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Wednesday, 28 October 1964

Senator HENTY (Tasmania) (Minister for Civil Aviation) . - Senator O'Byrne and Senator McClelland have raised the matter of Army clothing, and I agree that this is a very important item. It is a matter of pride in the Army to have a good, smart uniform. I understand that there is now a new summer uniform and that a new winter uniform is under consideration. From what I have seen of members of the Australian Army, they look first class, but honorable senators have expressed some criticism which I am not qualified to answer. I can only give my own opinion that members of the Australian Army look smart.

Senator Ormonde - It is all in the eye of the beholder.

Senator HENTY - Yes, and in this instance I happen to be the beholder. To Senator O'Byrne. it seems otherwise. One really has lo take with a grain of salt the newspaper article to which Senator McClelland referred, because although a person may be told a pair of boots must last four years, with the greatest will in the world he may wear them out sooner than that, and when they are worn out he must have a new pair. It is all very well to be sanctimonious and say that they must last four years. When I was a cadet, we used to go shooting in the issue boots and we wore them out well within four years. I admit that we used to get a new pair every year. Members of the Australian Regular Army receive a special allowance of 2s. 9d. a day to cover odd items such as socks, which they purchase.

Senator O'Byrne - They cannot buy uniforms for that amount.

Senator HENTY - I said "odd items". In my view, the present uniform is very smart. Senator Laught referred to cadets. More schools apply for cadet corps than we can manage at the moment. This is a good, healthy sign and I am sure that the honorable senator will be pleased to hear it. He referred to Division No. 698, subdivision 1, item 02, which relates to a proposed appropriation of £2,800,000 for pay and allowances in the nature of pay for the Citizen Military Forces and Cadets. In the case of the Citizen Military Forces, the provision is for pay for attendance at home training parades, camps of continuous training, schools and courses of instruction, together with marriage and separation allowance where applicable, efficiency grant, and miscellaneous allowances.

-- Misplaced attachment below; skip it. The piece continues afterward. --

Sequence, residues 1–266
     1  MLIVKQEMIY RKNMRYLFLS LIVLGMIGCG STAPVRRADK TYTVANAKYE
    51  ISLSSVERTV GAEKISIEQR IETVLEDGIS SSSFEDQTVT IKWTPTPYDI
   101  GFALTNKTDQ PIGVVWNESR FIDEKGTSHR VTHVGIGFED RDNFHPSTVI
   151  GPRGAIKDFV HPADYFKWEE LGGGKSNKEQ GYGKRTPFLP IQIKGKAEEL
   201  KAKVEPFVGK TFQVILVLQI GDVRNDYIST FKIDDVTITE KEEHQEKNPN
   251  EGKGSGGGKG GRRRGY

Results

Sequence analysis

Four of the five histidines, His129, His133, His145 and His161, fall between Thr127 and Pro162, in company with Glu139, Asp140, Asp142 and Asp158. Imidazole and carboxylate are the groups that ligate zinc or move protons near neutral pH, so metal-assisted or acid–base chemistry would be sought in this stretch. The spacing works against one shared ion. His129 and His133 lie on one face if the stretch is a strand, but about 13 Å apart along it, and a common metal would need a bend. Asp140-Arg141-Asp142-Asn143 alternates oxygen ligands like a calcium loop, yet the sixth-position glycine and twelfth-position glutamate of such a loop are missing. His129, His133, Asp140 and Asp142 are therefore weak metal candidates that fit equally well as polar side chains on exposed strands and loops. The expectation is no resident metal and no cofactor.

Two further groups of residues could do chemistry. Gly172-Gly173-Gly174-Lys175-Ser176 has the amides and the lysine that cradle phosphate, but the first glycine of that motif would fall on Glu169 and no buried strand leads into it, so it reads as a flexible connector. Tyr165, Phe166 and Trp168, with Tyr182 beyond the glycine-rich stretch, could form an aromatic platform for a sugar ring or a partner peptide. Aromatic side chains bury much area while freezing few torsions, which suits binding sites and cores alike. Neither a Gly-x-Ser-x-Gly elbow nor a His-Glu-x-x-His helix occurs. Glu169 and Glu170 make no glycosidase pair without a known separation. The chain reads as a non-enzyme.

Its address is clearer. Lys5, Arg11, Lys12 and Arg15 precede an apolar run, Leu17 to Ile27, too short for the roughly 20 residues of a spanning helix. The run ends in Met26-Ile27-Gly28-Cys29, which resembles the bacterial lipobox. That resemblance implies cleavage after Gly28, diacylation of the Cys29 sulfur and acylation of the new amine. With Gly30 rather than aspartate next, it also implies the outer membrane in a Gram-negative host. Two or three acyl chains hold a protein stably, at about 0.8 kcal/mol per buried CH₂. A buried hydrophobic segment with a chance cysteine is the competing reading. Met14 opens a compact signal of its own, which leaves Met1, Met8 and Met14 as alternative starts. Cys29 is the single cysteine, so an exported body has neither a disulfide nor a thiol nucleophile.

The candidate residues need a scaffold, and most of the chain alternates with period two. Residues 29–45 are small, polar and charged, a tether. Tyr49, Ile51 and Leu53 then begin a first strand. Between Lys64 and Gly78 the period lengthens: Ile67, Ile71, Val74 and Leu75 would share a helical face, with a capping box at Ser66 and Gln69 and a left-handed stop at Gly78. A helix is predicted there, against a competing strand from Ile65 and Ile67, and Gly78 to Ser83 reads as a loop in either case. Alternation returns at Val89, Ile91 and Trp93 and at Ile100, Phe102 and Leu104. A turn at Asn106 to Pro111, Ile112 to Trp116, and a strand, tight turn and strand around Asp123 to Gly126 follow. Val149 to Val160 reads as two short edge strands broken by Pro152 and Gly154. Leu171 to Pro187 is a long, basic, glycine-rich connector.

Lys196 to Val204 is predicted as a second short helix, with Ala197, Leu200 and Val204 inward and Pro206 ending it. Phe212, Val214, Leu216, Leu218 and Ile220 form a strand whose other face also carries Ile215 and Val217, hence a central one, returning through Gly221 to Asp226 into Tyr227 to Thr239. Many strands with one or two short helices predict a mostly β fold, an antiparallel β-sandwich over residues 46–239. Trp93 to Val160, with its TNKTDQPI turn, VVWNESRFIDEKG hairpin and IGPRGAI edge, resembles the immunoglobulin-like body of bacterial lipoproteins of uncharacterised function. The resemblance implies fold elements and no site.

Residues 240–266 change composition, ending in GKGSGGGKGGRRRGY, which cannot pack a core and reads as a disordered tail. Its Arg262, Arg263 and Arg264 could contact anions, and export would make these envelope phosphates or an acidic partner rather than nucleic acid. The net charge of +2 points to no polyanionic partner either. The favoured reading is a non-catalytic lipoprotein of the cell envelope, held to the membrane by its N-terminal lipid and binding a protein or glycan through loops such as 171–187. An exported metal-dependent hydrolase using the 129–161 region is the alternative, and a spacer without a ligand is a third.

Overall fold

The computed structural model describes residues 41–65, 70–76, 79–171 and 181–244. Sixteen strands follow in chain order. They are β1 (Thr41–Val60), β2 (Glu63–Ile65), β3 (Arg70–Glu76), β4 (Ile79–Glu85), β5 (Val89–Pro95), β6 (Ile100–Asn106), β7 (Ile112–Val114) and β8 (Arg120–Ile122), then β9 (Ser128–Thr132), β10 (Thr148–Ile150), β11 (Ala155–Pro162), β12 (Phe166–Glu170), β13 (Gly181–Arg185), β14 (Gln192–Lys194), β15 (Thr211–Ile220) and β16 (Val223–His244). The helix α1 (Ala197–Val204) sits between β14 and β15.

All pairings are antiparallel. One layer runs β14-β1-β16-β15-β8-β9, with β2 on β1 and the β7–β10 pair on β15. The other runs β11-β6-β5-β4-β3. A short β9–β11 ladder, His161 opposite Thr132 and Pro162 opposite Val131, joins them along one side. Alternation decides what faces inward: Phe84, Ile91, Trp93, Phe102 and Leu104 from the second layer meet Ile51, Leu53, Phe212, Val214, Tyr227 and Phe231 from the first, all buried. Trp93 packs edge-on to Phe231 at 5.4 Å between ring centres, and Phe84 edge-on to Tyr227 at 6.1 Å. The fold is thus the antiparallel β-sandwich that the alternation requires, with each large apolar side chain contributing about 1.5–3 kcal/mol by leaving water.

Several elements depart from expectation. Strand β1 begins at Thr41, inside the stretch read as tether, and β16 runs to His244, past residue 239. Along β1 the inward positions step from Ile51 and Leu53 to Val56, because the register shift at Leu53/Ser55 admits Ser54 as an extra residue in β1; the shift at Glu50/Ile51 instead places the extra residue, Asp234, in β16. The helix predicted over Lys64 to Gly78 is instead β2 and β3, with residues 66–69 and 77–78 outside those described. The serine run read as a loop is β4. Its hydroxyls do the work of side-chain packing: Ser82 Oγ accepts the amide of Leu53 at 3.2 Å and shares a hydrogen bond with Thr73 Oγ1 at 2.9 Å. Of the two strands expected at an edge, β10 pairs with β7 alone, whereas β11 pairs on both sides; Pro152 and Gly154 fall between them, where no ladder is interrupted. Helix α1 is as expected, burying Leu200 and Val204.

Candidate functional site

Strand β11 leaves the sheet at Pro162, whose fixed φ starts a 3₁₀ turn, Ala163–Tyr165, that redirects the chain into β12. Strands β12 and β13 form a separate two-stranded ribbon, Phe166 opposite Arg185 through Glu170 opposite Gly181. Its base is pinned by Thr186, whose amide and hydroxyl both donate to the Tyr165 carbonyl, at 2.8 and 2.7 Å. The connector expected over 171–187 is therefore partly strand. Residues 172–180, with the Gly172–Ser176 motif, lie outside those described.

Provision is made for payment of an average number of 29,000 C.M.F. personnel through the year at an average amount of £93 2s. per annum, which gives a total of £2,699,900, which has been rounded to £2,700,000. In relation to the Australian Cadet Corps, provision is made for £100,000 for camp pay and allowances in the nature of pay for officers of cadets, camp allowance for cadet under-officers, and service allowance for officers of cadets and cadet under-officers. This makes a total of £2,800,000 in relation to the item. The increased requirement is due to a higher estimated average C.M.F. strength of 29,000 in 1964-65, as compared with 27,039 in 1963-64, and provision for pay increases with effect from 1st July 1964. I am sorry that I missed one item which Senator Cavanagh raised in relation to recruitment. I am advised that this comes under the Department of Defence, that the item relates to recruiting for the Army, Navy and Air Force, and that no separate figures are available in relation to the Department of the Army.

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